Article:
The metro economy is growing a little more rapidly than the U.S. economy, but it’s unclear if that will last – and job creation remains a concern.
“My best guess is that we will continue to bump along, if you will, at sub-optimal growth,” Frank Lenk, an economist and senior director of research services at the Mid-America Regional Council, told the MARC board Tuesday.
He said it’s important to remember where the country was five years ago this fall, headed sharply into the worst economic downturn – the Great Recession – in the memory of most living Americans.
“And we’ve come back in a remarkable way. We continue to see a stable though unspectacular recovery,” Lenk said.
But this is also the third “jobless recovery” in a row. In other words, each recession of the last 20-plus years has been followed by less robust job growth than the historic norm. In the Great Recession, 8 million jobs were lost, and although 6 million of those have been replaced, when you factor in population growth, it’ll be 2020 before the country is back to where it was before the recession.
“ ... also there’s a lot of discouraged folks out there who can’t find jobs,” Lenk said.
Lenk and two other economists note in a 2014 economic forecast prepared for the Greater Kansas City Chamber of Commerce that “while the KC economy entered the recession later and its bottom wasn’t as deep, it has generally lagged the nation ... since the recession ended in mid-2009. For example, while total non-farm employment grew 4.2 percent between mid-2009 and mid-2013, KC employment grew only 2.9 percent over the same period.”
“We have a lot of ground to make up,” Lenk said Tuesday.
The metro area has about 1 million jobs, and in normal times – what does that mean any more anyway? – it would add about 15,000 a year. Lenk’s report says it looks as if the area will add 12,300 jobs in 2013, 14,300 in 2014 and 16,700 in 2015.
Lenk also pointed to something deeper in the regional job market. Consider the four fastest growing sectors of the local economy. Food and drink and administrative support are low-paying industries, and health care is what Lenk called bifurcated – a few good-paying jobs at the top but most jobs below the regional average pay. Only professional and technical services consistently create good-paying jobs. Contrast that with communications and manufacturing, which add more overall value to the regional economy but aren’t growing very quickly.
“ ... not all jobs are created equal. Some jobs add more value to the regional economy than others and, not surprisingly, jobs in these industries tend to pay better,” says the 2014 forecast. It adds that it would be wise to “consider how the regional economy can add more value to the goods and services it produces, and so gradually become a more important contributor to an increasingly global economy.”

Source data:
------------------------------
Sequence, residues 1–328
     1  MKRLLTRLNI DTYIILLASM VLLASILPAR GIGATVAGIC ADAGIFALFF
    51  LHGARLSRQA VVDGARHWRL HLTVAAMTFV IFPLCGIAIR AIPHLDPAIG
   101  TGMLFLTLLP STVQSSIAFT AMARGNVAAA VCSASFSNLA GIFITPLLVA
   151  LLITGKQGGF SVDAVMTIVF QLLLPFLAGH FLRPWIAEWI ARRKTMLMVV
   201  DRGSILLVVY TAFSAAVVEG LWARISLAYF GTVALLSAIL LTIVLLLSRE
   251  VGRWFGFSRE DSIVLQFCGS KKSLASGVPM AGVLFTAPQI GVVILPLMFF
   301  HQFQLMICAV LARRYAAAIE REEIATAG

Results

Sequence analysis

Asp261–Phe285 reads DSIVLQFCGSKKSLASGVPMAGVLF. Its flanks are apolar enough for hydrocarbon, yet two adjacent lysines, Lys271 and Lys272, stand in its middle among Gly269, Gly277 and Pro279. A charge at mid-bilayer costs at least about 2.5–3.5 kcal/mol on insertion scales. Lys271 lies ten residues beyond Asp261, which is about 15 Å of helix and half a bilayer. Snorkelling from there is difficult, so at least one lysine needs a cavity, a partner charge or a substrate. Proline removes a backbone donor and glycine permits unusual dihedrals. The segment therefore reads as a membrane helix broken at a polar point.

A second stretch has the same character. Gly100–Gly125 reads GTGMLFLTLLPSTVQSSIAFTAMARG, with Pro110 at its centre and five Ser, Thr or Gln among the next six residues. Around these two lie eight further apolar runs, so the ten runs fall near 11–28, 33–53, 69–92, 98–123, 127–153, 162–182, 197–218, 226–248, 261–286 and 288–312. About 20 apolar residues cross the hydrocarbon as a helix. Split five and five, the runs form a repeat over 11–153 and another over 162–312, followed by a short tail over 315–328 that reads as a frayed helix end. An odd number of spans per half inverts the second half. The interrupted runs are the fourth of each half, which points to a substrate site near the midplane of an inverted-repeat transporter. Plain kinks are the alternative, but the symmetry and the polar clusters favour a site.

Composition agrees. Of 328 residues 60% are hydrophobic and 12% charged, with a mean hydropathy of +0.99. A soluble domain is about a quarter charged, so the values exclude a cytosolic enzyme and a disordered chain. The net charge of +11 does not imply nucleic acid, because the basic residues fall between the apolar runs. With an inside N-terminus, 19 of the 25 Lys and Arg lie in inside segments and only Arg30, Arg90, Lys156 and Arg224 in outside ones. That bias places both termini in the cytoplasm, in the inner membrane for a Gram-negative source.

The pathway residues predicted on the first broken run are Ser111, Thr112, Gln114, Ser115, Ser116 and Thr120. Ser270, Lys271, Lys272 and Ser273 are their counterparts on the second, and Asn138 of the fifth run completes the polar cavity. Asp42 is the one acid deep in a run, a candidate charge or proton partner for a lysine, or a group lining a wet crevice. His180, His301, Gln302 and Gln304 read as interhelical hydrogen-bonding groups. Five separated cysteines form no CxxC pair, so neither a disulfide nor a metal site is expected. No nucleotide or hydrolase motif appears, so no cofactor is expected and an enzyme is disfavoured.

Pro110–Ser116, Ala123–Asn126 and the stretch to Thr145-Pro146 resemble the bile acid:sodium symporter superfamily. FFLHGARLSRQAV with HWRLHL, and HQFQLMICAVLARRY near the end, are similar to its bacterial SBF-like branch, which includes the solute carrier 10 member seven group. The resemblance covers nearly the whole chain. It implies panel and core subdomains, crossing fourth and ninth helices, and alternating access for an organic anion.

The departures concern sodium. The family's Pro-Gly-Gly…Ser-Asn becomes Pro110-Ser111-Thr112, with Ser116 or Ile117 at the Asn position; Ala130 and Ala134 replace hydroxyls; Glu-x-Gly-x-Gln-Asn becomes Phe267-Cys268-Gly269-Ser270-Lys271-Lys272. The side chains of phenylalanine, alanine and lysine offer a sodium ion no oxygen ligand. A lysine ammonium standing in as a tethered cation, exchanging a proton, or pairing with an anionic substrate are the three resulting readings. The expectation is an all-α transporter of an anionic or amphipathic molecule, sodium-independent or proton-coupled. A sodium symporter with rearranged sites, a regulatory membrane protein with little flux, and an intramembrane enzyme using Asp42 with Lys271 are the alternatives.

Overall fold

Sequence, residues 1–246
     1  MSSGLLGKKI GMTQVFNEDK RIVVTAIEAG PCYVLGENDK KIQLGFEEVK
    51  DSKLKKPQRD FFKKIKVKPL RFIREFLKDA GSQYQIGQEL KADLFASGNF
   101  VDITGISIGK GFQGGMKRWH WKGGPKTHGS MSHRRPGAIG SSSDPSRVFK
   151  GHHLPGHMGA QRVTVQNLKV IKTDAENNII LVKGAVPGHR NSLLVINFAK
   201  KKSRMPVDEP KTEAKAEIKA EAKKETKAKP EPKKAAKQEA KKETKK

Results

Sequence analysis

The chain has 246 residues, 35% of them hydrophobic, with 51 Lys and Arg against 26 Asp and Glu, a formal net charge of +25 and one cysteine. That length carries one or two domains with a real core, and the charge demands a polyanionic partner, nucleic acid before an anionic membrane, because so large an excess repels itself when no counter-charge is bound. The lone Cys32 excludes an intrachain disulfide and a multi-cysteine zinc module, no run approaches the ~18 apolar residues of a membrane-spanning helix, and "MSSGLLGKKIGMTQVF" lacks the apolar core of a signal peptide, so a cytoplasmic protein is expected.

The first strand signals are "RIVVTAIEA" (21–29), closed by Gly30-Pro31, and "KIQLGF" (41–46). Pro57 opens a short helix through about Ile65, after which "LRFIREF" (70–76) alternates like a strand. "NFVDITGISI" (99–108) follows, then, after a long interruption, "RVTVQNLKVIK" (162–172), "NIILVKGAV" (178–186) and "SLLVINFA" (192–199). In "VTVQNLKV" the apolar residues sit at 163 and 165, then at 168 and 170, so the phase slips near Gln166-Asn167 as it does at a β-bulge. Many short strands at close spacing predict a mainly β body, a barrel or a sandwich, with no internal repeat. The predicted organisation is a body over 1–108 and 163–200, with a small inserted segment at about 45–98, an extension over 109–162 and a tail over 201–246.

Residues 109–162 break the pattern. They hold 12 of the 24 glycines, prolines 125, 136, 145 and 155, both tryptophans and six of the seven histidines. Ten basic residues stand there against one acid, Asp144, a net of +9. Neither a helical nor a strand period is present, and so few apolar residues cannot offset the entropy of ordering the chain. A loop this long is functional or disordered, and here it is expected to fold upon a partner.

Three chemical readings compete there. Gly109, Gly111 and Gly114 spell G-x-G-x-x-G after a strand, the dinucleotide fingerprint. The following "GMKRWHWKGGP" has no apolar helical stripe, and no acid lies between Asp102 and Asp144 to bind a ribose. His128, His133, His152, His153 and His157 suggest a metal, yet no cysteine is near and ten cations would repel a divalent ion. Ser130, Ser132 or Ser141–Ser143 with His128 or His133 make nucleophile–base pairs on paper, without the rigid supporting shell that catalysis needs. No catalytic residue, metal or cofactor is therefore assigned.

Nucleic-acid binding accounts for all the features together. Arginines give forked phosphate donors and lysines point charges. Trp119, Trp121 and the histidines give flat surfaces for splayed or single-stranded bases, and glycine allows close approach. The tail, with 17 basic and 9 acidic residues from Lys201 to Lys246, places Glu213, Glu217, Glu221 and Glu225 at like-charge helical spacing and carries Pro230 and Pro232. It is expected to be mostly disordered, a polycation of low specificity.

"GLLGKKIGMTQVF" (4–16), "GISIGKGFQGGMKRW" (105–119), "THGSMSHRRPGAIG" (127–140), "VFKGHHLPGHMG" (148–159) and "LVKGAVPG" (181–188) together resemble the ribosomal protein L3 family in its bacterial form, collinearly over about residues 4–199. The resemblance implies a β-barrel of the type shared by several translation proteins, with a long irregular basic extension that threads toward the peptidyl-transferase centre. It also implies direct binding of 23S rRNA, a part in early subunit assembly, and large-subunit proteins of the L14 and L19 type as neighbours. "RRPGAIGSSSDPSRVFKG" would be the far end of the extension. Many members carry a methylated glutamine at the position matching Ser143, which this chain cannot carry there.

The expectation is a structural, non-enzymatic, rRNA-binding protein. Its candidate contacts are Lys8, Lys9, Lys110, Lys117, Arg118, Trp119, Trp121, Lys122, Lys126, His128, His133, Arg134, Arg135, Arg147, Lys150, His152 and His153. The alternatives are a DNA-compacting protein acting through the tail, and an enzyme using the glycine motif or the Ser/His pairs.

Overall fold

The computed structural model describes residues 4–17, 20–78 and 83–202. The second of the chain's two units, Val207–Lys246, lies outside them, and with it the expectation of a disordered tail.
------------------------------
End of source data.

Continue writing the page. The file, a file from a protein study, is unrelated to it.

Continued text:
The drama in Washington – the recent government shutdown, the prospect of another within a couple of months – is causing some businesses to be leery about investing, expanding and hiring, Lenk said. Overall, he said, the debate is actually something close to a reasonable discussion of how much government Americans want to have, although “we’re not having it in a very productive way, and that’s the heart of the issue.”
The Independence Chamber of Commerce building was pretty packed early Tuesday evening.
“Our target was 200, and we got 200,” said Jeff Benson, the chamber’s vice president of membership services. The event was a Real People Real Progess-ive party, put on by the chamber and the Independence Council for Economic Development. It was a first-time event, and, well, never underestimate the power of free food. People went room to room, sampling items from barbecue to beer while learning a little about local groups and events from the Ennovation Center to this Saturday’s Halloween parade. It was generally an elbow-to-elbow crowd.
The event’s name is a play on the “Real People Real Progress” slogan rolled out last summer and adopted by such organizations as the Independence Tourism Department. The party was a first-time event, and Benson said the chamber offices had never been used for anything like that before.
“It shows that more than one organization is pulling in the same direction,” he said, “and that’s critical to success.”
Quick follow-up on last week’s musings – OK, musings backed by some data – on the future of Amtrak service in Missouri. On Tuesday, the board of the Mid-America Regional Council looked over its proposed lists of legislative priorities in Missouri and Kansas in 2014. Many of them return year after year: Missouri needs a better seat belt law and a ban on texting while driving. Missouri needs to pay for 911 service with something other than taxes on landlines.
And transportation figures prominently in the equation, including what MARC sees as the need maintain and even expand Amtrak service in both states. More broadly, MARC wants Missouri legislators to find new funding for transportation overall, an issue legislative leaders have said needs attention in 2014.
Reach Jeff Fox at 816-350-6313 or email@example.com.